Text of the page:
The Advantages of RFA of Thyroid Nodules
The major advantages of the technique are as below.
- It is done as day surgery procedure under light sedation.
- It takes about 45 minutes to one hour to complete the entire procedure.
- Patients are discharged the same day.
- Normal thyroid tissue adjacent to the nodule is preserved.
- It does not affect thyroid function.
- Multiple nodules can be treated at same time.
- The treated nodules do not regrow again.
- No surgical scar with needle mark on the skin.
- Quick recovery and back to full activity and normal lifestyle.
- The technique is suitable to treat even large thyroid nodules.
Find out how thyroid nodule Radiofrequency Ablation can help you in a minimally invasive way on our blog post, “Thyroid Nodule Radiofrequency Ablation Treatment: Diagnosis, Management, and Recovery.”
As a vascular and interventional radiology specialist, Dr Manish Taneja looks after peripheral vascular disease, aneurysms, dialysis interventions, venous diseases like deep vein thrombosis, and varicose veins/spider veins/reticular veins. He is also competent in performing newer endovascular procedures such as uterine artery embolization, prostate artery embolization, genicular artery embolization, and erectile dysfunction interventions.
Dr. Manish Taneja also has extensive experience in performing all vascular interventions, non-vascular interventions and interventional oncology procedures.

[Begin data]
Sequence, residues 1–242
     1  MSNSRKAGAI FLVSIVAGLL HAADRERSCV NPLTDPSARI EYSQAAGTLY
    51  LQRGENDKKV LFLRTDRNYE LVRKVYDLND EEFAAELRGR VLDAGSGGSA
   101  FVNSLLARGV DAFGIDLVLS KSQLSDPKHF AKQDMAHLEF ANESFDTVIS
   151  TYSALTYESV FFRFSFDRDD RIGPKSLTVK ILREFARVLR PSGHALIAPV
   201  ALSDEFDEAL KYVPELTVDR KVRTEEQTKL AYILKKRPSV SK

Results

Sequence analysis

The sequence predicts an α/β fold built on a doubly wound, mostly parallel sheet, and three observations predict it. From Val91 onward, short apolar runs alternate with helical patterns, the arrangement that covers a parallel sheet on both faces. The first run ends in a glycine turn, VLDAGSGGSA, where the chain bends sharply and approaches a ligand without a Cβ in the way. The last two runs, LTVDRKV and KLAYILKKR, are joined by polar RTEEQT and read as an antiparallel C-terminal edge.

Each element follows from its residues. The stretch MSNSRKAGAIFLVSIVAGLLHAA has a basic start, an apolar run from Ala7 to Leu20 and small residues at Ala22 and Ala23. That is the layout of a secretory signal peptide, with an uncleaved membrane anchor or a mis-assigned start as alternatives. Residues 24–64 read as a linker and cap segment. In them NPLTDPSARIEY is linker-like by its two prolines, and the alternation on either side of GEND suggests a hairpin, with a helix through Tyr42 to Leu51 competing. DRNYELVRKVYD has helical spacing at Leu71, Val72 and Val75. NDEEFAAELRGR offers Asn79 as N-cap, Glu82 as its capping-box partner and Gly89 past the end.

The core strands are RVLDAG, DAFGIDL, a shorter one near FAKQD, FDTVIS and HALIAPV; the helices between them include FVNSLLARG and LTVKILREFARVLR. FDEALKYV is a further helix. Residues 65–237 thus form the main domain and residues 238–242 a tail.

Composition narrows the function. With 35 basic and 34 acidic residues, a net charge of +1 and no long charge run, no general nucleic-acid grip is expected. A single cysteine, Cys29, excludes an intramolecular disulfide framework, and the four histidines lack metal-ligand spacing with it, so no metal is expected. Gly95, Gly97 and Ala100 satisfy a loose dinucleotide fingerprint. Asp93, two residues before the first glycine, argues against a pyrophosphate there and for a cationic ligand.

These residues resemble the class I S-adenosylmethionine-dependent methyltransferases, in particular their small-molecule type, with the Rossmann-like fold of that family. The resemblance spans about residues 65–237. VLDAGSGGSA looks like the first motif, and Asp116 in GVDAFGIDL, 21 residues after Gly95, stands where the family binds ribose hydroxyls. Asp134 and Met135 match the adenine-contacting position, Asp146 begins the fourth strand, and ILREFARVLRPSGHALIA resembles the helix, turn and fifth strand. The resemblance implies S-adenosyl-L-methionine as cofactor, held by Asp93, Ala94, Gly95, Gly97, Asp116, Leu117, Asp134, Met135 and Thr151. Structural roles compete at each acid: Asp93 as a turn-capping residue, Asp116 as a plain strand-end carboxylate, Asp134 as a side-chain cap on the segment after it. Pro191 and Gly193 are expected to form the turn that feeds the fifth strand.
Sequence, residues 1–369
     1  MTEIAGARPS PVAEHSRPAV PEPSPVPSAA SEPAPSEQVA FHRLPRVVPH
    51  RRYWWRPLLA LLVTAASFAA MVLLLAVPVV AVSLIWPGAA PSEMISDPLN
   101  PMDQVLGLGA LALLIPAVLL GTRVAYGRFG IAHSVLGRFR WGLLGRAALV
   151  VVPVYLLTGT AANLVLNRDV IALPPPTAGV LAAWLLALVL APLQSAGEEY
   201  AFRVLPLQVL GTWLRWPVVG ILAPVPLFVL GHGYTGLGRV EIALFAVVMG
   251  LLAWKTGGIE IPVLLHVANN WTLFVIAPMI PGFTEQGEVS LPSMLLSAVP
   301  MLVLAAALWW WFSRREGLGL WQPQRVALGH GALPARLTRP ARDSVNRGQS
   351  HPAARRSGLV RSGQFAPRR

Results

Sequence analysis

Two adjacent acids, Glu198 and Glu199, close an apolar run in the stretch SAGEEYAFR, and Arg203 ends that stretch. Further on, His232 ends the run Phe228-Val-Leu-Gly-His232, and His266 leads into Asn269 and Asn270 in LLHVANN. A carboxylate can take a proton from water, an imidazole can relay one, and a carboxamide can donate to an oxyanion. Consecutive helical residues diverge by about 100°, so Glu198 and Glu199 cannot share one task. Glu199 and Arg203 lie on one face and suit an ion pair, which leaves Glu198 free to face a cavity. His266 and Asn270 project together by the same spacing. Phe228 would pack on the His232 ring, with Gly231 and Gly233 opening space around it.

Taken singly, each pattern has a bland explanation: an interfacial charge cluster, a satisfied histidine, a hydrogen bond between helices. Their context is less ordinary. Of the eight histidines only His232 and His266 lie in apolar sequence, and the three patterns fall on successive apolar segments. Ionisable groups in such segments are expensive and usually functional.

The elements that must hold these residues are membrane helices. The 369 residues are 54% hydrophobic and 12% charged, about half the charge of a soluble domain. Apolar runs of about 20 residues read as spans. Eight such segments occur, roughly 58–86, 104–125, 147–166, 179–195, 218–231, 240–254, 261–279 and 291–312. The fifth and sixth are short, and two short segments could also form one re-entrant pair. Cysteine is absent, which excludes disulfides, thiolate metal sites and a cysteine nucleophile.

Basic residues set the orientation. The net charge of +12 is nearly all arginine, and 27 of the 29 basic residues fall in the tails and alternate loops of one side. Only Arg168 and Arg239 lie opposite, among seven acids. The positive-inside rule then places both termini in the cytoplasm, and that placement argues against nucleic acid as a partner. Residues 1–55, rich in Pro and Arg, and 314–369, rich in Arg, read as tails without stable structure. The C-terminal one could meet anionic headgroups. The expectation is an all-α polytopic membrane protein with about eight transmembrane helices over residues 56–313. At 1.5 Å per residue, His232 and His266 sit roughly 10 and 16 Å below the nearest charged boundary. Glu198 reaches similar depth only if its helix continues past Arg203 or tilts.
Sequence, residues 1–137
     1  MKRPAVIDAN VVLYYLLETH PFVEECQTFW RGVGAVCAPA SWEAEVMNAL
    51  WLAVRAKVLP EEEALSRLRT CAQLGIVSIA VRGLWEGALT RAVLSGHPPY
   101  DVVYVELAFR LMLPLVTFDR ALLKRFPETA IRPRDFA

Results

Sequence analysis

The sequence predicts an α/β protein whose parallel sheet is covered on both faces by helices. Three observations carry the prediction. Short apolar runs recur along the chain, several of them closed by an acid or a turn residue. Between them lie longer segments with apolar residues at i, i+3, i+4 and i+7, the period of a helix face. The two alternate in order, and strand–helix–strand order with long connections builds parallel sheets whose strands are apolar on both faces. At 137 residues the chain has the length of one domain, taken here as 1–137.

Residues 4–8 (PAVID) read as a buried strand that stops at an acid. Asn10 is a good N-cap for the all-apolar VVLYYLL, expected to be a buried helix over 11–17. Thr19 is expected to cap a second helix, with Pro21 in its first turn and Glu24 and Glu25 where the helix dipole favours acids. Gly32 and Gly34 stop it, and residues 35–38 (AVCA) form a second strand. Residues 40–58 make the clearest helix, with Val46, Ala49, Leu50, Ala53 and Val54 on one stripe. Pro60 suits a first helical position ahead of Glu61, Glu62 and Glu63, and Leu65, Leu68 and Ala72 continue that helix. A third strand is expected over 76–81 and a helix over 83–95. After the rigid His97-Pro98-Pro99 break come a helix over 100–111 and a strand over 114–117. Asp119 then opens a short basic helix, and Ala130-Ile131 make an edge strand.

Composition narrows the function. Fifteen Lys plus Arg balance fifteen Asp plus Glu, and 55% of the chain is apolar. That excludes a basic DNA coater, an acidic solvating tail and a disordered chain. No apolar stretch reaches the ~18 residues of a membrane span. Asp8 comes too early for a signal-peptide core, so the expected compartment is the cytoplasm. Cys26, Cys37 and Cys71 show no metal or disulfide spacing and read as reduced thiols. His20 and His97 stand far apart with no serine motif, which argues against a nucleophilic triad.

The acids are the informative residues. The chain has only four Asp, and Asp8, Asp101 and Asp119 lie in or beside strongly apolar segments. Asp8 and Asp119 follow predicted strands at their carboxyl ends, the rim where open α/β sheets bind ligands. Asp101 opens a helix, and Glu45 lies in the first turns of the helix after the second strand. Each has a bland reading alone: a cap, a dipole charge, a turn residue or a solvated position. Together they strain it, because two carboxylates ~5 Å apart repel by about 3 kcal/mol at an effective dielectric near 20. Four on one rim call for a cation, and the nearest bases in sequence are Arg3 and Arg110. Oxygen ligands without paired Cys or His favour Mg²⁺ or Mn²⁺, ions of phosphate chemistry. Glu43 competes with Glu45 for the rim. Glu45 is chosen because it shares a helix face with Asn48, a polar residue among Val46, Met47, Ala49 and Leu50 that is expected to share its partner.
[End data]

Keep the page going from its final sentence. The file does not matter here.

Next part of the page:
Read More About Vascular Treatments on Our Blog
To dive deeper into the types of vascular treatments such as thyroid nodule radiofrequency ablation, head over to our clinic’s blog. Read our recommended vascular treatments related blog posts to stay informed.
Thyroid Nodule Resources
How to Keep Thyroid Healthy for Optimal Well-Being
As part of the endocrine system, the thyroid hormones must be perfectly balanced at all times for the body to function normally.
Caring For Your Thyroid Health
Have you ever experienced difficulty swallowing or breathing? You may have risk factors including a family history of thyroid nodules or iodine deficiency. Thyroid nodules are abnormal lumps (growths) within the thyroid gland, a butterfly-shaped gland located below your voice box. Even if most thyroid nodules are benign, 10-15% of nodules are cancerous. Sometimes overgrowth of normal thyroid tissue can lead to hyperthyroidism. In other cases, multiple nodules can form in the thyroid called multinodular goiter. Fluid filled thyroid cysts can be one type of thyroid nodule within the thyroid. More complex nodules may lead to thyroid cancers.
Depending on the root cause and type of nodule you have, patients can monitor with regular ultrasound or even have a thyroid fine needle aspiration biopsy (FNAC) if required. Surgery to remove partial or whole thyroid gland can be done but thanks to minimally invasive treatments such as Radiofrequency Ablation (RFA), this procedure can treat noncancerous and cancerous thyroid lumps.
Watch our video guide and find out more on our blog post, “Types of Thyroid Nodules and Cancer” with the types, causes, evaluation, biopsy, treatment options, and when to see a thyroid specialist. Find answers to questions on whether thyroid nodules are cancerous or not.